All that said, I agree with the poster's overall claim the individual consumer choice model of change will be insufficient and we must push for larger policy changes. If that is what you take away from this article, then great. I just don't think this particular author has done a very good job of laying out what those changes should be. (Michael Pollan's New York Times piece last fall, “Farmer in Chief,” was far better, in my view.) And, further, it seems to me that the author is more interested in promoting high technology research than he is in confronting the real structural barriers to a more sustainable food system. Reading more on the sociology of knowledge in food and agriculture would likely make him much less sanguine about his recommended solutions and much more positive about the idea (he admires a Japanese example but strangely dismisses its generalization) of farmers learning how to manage the land in a sophisticated way through experience. Real alternatives are being developed through research, but most of it follows a far different, more participatory and interactive model with sustainable farmer networks than the top-down model that the author seems to be advocating. His demands to shift incentives and regulations are welcome (and strangely, given the way he framed his overall analysis, he even endorses government purchasing of local and organic food!), but he tends to focus too many of his concrete suggestions on the realm of high-tech research.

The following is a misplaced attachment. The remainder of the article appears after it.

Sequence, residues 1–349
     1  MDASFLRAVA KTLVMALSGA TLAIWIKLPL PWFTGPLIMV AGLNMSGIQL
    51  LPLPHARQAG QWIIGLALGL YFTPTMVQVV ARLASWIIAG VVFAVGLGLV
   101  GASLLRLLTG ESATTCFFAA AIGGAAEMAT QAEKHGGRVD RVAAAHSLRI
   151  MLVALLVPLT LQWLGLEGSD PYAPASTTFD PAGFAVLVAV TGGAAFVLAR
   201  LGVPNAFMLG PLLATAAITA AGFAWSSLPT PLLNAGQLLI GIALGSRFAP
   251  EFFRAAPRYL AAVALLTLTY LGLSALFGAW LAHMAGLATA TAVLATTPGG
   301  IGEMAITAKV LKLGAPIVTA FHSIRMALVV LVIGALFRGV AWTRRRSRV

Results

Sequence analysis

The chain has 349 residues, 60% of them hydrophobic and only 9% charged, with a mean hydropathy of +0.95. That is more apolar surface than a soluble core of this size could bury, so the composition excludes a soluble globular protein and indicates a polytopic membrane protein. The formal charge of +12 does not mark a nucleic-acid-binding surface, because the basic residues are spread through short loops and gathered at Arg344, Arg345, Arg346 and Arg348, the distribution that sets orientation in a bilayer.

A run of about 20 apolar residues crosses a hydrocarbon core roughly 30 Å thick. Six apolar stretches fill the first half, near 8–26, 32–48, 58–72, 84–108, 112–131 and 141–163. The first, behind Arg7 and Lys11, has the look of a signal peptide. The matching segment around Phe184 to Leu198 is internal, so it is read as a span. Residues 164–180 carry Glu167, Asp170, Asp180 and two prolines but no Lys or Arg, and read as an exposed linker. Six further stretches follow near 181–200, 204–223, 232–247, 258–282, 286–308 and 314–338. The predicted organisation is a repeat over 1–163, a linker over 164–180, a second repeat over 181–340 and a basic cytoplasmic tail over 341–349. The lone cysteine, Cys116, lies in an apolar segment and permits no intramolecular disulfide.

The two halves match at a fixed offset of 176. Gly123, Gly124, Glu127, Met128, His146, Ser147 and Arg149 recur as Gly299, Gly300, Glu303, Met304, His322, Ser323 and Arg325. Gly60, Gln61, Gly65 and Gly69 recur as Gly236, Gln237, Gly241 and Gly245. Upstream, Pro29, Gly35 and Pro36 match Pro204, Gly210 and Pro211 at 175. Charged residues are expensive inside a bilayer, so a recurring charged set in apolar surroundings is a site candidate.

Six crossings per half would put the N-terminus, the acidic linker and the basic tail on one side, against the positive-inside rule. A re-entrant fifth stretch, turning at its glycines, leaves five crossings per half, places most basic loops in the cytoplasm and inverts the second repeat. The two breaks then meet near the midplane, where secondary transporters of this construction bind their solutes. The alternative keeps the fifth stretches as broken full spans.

Okay, maybe I'm over-reacting to this article, but I think that its good points are needlessly obscured by the murky ones and the strange framing, such as the old canard that "organic agriculture cannot feed the world." (And just why is he so dismissive of the idea that more people will have to be involved in food production?) And, yes, I agree that reducing (conventional) meat consumption can have a far greater impact than just about anything else--in fact, I have been putting a lot of work into this very issue right now in my local area--but it is important to qualify this claim by pointing to the benefits of intensive rotational grazing on pastures as an alternative. Even the Carnegie Mellon study, which is one of the better ones out there, admits that it does not account for this. Yet it is exactly the local, small-scale folks that the author seems to dismiss as na├»ve purists who are pioneering these ideas. (Interestingly, it is many of the small-scale organic folks who have been calling the food movement to go “beyond organic,” a quite different response than an obsession with big technology, scaling up, and watering down the organic regulations.) Sure, they cannot feed New York City with as much meat as people there are accustomed to eating, but then again neither can the current food system relying on massive fossil fuel inputs and government subsidies over the long run. Yet with reduced yet higher quality (local, pasture/grass-fed) meat consumption, mostly local plant consumption, and limited long-distance fair trade in things like bananas and coffee, we can achieve a more sustainable food system. We will also have to roll back some of the damage done by decades of attempts to enmesh Third World peasants in a distorted global food trade based on export cropping and Western expertise in place of their own more sustainable local subsistence production. We need policies that move in the direction of greater local self-reliance in both the rich and poor countries, not depending on top-down, sometimes even wildly fantastic high-tech schemes (I must say that whole “vertical farm” idea seems far-fetched to me, but I promise to read more about it) and continuing reliance on a massive global food trade that has been distorted beyond all recognition to serve the interests of agribusiness.